The 4W Initiative
Women sustain families and build communities. They contribute to economic well-being and care for the earth. At University of Wisconsin-Madison Global Health Institute, we believe improving the lives of women improves the lives of all. That is why GHI collaborated with the School of Human Ecology and the Department of Gender and Women’s Studies to co-convene the 4W (Women and Well-being in Wisconsin and the World) Initiative.
Who works for women’s well-being? Earth scientists, consumer scientists and social scientists. Artists and teachers. Public health experts and philanthropists. Partners from across campus working with communities in Wisconsin and across the world.
Using motorbikes to bring basic health services to women in rural Kenya. Acting to end sex trafficking. Collaborating with artisans in Ecuador, Mexico, India and Nepal to bring needed financial resources to families. Contributing to a safer, healthier and more equitable world for all.
The 4W Initiative
4W leverages the strengths of UW-Madison to be a convener and leading voice in education, applied research, and impactful engagement to promote gender equity and global well-being. Through a range of local-to-global, research-to action projects, 4W addresses issues such as micro-enterprise and health, ending human trafficking, promoting financial equality in relationships, and more. No matter the topic, 4W’s work is guided by the lived experiences of women and supports women to move from suffering to subsistence to thriving.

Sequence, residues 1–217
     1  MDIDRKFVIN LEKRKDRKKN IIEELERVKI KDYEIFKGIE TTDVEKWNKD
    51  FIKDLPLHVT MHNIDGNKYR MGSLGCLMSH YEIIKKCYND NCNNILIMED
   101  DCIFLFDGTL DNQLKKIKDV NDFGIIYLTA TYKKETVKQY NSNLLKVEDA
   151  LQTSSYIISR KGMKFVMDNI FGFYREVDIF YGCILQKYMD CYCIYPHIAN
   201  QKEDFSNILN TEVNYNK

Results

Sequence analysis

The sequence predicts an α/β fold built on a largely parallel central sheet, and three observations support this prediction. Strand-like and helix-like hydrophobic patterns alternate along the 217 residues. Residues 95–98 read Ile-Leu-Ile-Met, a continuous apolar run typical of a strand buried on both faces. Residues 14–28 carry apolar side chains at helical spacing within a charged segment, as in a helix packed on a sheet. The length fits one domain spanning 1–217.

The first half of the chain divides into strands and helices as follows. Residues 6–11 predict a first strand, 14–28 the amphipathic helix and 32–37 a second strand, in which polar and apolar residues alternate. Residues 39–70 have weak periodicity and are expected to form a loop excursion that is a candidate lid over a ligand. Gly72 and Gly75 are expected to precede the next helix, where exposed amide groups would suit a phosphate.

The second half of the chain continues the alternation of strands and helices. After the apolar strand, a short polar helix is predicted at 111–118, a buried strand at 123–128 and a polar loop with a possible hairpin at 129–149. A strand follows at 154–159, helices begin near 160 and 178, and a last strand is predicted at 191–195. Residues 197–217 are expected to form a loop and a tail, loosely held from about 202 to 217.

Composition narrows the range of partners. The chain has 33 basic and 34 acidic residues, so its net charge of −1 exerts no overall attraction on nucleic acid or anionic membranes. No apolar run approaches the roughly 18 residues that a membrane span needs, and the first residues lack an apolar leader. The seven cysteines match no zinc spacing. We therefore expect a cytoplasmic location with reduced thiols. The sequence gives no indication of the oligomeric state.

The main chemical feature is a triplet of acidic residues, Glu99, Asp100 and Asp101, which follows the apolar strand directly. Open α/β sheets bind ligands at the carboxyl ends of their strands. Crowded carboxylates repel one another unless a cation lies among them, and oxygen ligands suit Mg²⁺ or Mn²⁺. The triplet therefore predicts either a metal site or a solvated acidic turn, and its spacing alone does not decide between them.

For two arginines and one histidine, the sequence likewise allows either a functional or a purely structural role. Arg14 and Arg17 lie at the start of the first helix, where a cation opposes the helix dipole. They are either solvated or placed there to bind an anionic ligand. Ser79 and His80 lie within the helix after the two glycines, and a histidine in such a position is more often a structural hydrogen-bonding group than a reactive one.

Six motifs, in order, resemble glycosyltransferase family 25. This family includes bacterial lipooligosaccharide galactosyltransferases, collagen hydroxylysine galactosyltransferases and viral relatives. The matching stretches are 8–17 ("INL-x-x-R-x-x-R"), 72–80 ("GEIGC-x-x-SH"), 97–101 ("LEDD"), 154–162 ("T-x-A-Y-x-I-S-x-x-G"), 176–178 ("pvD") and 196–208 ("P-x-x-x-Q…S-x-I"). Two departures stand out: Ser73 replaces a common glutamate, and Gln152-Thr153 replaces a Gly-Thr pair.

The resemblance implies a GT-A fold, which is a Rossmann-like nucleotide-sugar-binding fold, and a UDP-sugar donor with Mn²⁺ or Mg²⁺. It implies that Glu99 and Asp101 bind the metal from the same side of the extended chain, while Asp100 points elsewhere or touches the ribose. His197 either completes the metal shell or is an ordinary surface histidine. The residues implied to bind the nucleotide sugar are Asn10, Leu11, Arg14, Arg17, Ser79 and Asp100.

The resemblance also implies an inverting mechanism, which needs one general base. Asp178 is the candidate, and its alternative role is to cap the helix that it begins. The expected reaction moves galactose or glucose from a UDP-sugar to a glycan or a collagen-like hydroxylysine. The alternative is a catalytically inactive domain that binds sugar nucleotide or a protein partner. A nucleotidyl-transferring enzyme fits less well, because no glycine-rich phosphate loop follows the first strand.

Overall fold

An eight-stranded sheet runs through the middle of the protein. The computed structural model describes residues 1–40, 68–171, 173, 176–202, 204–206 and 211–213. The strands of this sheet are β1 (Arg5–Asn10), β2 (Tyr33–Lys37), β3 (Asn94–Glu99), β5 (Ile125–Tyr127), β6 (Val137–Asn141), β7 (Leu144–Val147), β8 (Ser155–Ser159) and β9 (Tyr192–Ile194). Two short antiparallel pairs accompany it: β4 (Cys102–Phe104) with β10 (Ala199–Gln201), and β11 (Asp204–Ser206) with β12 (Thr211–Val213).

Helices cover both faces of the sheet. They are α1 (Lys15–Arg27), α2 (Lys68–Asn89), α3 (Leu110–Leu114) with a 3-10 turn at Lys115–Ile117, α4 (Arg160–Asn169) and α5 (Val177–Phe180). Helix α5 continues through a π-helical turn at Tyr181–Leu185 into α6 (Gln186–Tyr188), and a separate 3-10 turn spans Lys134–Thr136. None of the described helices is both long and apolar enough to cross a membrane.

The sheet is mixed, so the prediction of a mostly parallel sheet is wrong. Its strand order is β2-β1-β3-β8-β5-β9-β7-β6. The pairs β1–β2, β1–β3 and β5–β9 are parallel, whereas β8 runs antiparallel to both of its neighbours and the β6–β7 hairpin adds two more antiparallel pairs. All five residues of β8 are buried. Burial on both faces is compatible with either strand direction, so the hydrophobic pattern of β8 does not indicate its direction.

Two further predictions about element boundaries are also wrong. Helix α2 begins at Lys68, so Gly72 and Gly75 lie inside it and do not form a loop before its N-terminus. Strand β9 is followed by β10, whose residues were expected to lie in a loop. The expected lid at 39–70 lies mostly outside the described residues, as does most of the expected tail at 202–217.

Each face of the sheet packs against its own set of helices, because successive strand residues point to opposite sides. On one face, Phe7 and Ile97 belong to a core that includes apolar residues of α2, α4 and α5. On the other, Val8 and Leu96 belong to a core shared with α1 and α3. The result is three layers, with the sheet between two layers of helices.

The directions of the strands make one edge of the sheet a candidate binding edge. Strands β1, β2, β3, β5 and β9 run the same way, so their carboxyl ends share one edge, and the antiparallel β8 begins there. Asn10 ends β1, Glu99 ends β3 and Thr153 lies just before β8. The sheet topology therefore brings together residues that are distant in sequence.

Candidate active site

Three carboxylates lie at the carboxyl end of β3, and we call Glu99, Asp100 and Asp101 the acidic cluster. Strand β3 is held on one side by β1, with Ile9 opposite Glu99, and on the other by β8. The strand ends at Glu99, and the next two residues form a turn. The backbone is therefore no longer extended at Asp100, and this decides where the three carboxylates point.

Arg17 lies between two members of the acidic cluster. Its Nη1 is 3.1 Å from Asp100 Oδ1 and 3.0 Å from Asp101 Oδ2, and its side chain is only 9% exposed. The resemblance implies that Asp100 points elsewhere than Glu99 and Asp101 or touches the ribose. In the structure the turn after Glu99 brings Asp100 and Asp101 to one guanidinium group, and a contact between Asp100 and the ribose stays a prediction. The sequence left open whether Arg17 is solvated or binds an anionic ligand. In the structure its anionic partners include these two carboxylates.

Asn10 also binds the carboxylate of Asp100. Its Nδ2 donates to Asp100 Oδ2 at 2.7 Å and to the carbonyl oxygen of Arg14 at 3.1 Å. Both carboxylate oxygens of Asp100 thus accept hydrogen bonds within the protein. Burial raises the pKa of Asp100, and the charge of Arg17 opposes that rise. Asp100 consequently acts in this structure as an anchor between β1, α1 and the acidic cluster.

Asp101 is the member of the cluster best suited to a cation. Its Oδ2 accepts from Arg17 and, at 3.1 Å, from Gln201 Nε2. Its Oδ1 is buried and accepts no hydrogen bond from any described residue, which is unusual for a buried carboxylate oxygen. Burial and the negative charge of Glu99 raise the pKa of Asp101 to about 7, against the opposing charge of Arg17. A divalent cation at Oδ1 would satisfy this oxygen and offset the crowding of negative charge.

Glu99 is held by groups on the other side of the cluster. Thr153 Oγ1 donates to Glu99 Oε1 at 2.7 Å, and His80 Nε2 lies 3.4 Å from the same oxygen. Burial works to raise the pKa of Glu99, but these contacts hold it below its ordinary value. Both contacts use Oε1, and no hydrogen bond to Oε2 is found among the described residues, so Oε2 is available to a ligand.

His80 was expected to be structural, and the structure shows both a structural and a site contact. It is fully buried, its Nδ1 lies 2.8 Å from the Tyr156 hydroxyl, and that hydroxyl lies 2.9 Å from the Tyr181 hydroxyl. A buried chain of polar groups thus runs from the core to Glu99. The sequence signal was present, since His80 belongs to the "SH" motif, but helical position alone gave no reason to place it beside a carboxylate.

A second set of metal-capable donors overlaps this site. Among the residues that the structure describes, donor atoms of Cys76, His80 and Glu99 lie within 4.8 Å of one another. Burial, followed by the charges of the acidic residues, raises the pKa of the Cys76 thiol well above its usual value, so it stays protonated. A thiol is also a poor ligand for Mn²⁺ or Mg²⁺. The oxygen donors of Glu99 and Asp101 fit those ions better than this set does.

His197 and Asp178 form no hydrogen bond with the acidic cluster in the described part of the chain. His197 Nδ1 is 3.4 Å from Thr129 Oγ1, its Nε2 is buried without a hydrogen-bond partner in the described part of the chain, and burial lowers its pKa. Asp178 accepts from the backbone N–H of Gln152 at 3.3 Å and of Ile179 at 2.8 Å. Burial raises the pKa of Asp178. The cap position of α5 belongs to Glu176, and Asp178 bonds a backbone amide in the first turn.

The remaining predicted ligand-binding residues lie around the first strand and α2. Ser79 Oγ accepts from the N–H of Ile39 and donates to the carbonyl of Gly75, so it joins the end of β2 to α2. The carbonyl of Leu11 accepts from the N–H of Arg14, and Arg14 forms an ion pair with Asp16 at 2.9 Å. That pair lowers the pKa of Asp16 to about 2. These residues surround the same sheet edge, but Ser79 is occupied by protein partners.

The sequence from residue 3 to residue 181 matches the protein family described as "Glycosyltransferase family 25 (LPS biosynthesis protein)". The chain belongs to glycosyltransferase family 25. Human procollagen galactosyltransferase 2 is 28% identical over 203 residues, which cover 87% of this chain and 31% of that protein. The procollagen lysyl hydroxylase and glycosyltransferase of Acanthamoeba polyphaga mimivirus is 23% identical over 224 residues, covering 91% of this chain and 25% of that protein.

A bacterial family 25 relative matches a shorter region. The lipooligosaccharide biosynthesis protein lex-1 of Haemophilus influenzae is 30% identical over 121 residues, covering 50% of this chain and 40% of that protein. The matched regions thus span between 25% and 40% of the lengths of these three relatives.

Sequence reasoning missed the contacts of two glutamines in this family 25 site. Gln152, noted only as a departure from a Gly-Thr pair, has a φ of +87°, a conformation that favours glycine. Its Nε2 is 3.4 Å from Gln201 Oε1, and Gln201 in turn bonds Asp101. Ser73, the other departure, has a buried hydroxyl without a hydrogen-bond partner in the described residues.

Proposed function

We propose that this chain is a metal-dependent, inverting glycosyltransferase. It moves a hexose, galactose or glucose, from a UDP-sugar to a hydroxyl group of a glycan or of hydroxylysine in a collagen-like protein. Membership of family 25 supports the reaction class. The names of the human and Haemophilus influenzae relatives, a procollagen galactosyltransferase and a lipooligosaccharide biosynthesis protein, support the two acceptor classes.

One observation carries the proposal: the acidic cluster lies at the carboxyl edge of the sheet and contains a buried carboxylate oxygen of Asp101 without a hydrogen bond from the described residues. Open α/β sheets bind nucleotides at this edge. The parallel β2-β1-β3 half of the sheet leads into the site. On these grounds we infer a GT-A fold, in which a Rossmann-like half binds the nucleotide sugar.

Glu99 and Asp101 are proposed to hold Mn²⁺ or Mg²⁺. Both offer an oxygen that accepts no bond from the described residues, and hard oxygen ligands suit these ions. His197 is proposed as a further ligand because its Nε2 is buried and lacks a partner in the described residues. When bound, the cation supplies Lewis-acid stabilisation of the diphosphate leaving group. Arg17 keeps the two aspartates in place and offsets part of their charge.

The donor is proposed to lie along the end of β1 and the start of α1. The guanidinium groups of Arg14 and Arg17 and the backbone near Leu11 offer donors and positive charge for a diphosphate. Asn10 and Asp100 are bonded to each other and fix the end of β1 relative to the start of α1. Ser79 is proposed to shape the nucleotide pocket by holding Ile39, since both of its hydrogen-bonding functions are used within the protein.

Women • Well-Being News
Global HealthFrom tick-born disease and indigenous food to diabetes and cervical cancer, Global Health Institute grants fund projects across campusUniversity of Wisconsin-Madison faculty, staff and graduate students plan to tackle challenges as diverse as indigenous philosophies for resilient food systems, cervical cancer screening, vitamins for children and tick-borne diseases with 25 new grants and awards from the UW-Madison Global Health Institute.Read more…
Global HealthUW Planetary Health Scholars’ flash talks look toward a healthy, sustainable futureMartin Ventura uses mushrooms in his quest to turn corn stalks into a low-cost feed for crickets, an edible insect that can relieve food insecurity. Ramin Ghamkhar is finding ways to save energy in aquaponics …Read more…
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